Keep in mind that creating a colorful CTA that contrasts with the color of the page is an excellent way to draw the user’s attention. Also, make the font size large enough to drive attention.
You might also choose to ask people not to click the button or not to download the report hoping they would act the opposite way. However, keep in mind that most users feel more optimistic when they see calls to action with positive intent like, “Yes, I want that free report!”
Let users know that there is zero risk, no obligation, or not even a credit card required. For example, "Start My 30-day Free Trial."
If you don't want to confuse your clients, try to avoid using CTAs like “Submit” or "Go" because that doesn’t tell users what door they are entering. Instead, give them some more details, because people prefer to know where they are going and what is going to happen. Use something like “Get my Free Consultation” or “Start My Free Trial.”
Stating a clear benefit that the reader will get from completing the action is an effective way to get them to click. Here are a few examples of calls to action that reflect a benefit: “Get My eBook,” “Join the Fun,” “Get My 50% off Coupon.”
Now let's look at how it looks like in practice. Each example that we selected will come with an explanation of what makes it such a good CTA.
In this email marketing campaign, a lot of elements help LOFT impress their subscribers by creating a wow effect. But since we need to focus on CTAs, pay attention that the LOFT's call to action button is short & direct, its color grabs the eye, and the placement is also well-thought-out.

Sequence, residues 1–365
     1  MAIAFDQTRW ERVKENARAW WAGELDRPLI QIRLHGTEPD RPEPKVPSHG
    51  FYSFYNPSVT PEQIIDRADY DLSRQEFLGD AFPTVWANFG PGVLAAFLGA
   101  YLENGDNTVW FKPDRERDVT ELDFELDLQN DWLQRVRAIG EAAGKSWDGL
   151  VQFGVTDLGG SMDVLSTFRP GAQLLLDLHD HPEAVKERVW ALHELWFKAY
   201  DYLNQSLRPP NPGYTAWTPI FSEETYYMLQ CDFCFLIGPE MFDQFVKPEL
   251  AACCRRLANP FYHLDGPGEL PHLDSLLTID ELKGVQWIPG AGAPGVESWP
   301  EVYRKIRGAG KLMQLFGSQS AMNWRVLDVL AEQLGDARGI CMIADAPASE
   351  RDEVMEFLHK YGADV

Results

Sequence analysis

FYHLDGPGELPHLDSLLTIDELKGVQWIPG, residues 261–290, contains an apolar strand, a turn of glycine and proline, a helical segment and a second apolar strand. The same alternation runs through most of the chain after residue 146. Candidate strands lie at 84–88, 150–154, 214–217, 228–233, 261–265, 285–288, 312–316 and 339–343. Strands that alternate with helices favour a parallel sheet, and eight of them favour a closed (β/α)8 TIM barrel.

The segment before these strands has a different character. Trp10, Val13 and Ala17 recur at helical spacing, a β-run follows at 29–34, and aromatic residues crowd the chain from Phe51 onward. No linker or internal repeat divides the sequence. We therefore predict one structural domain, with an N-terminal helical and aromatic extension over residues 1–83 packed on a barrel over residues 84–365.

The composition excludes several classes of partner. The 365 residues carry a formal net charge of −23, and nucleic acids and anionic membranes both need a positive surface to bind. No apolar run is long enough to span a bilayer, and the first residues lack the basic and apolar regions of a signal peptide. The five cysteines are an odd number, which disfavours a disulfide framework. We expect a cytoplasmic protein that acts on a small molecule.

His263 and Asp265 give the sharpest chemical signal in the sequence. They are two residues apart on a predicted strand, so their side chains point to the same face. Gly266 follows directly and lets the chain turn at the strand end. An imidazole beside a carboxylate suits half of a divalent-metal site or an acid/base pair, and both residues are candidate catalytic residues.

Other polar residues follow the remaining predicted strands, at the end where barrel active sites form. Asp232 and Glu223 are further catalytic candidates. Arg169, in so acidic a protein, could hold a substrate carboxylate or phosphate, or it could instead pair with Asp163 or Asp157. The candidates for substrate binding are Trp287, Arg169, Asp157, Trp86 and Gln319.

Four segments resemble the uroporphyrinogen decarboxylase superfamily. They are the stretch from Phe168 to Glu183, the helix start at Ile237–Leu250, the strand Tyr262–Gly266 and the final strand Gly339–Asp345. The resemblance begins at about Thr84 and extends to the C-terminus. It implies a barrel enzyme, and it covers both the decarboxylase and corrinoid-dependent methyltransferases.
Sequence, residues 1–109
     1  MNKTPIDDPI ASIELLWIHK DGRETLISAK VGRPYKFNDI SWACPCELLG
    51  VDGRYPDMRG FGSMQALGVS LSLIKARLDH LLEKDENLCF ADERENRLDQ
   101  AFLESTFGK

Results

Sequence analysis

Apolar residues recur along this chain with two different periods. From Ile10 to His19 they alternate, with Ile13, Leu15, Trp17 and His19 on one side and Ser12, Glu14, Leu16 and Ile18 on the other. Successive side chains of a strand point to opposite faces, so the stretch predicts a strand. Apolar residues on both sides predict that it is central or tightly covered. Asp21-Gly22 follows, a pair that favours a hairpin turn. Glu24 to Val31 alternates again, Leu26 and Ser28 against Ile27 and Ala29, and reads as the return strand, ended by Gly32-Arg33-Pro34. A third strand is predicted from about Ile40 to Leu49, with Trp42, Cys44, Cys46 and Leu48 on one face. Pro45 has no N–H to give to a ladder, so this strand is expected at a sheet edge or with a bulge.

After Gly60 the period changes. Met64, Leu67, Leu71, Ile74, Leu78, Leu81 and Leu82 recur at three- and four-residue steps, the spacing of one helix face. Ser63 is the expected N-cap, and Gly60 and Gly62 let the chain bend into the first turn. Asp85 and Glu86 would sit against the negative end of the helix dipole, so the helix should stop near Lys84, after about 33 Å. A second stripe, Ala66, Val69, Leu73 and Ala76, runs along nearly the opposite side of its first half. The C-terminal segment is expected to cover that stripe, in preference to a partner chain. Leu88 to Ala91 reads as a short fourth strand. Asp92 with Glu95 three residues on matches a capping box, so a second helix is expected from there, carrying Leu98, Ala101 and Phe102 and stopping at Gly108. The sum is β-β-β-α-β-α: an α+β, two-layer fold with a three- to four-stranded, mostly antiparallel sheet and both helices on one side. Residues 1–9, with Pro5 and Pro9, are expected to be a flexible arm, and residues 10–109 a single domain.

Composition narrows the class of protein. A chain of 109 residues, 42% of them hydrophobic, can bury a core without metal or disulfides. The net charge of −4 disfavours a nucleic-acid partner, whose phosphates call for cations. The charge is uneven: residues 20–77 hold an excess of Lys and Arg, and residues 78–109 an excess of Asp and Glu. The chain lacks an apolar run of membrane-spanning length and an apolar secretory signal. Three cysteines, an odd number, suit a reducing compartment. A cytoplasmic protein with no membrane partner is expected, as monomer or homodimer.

Why is the Newoldstamp's call to action good?
What is could be more important for a seller, if a user buys a product or just adds it to the wishlist? Net-a-porter wants us to add the sandals to shopping bag rather than to the wishlist. That is why they made the “Add to shopping bag” button more attention-grabbing.
You may also like: “E-commerce Email Marketing Guide: 12 Hacks to Kick off Your Sales.”
The CTA is bold and attention-grabbing with good use of color, contrast, and font size. The orange box stands out from the white background.
Like many other marketing strategies, testing different calls to action ensures you are getting maximum results.
Do your clients want to “Subscribe today” or “Be the first to know about new arrivals”? Is a big orange button on a white background promoting your sale more effective than a text link in the sidebar? Try using event tracking in Google Analytics to help answer these kinds of questions. Read how to set up Google event tracking.
source: Google adwords
Heatmap tools can be incredibly helpful when improving the clickability of your sales call to action phrases. These tools will let you find out what people are looking at and what things they are missing. You will find out where the actual click occurred, how far down the page the reader scrolled, where the user's eyes focused upon first viewing an image/CTA. From there you can add, remove, and adjust whatever you need to increase the effectiveness of each CTA used.
Plerdy Heatmap tool can help you to analyze user behavior and see which elements of the page are the most-clicked by users.
Unfortunately, there is no single formula for calls to action that can magically convince most of your leads to convert, but if you want to know your audience and their preferences better, experiment with different CTAs, and test variations.